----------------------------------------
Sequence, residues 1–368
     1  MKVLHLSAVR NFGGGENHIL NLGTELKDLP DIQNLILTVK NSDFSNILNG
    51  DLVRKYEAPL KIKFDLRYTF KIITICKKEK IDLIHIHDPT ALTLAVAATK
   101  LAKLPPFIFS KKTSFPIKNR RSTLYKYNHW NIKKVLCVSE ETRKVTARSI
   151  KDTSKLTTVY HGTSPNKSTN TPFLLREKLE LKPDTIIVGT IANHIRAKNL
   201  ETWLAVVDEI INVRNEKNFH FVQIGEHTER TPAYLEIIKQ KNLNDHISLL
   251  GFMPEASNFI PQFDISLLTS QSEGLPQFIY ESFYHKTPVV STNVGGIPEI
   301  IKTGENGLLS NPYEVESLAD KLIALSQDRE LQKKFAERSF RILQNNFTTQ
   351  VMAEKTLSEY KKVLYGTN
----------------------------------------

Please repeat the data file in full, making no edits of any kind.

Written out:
Sequence, residues 1–368
     1  MKVLHLSAVR NFGGGENHIL NLGTELKDLP DIQNLILTVK NSDFSNILNG
    51  DLVRKYEAPL KIKFDLRYTF KIITICKKEK IDLIHIHDPT ALTLAVAATK
   101  LAKLPPFIFS KKTSFPIKNR RSTLYKYNHW NIKKVLCVSE ETRKVTARSI
   151  KDTSKLTTVY HGTSPNKSTN TPFLLREKLE LKPDTIIVGT IANHIRAKNL
   201  ETWLAVVDEI INVRNEKNFH FVQIGEHTER TPAYLEIIKQ KNLNDHISLL
   251  GFMPEASNFI PQFDISLLTS QSEGLPQFIY ESFYHKTPVV STNVGGIPEI
   301  IKTGENGLLS NPYEVESLAD KLIALSQDRE LQKKFAERSF RILQNNFTTQ
   351  VMAEKTLSEY KKVLYGTN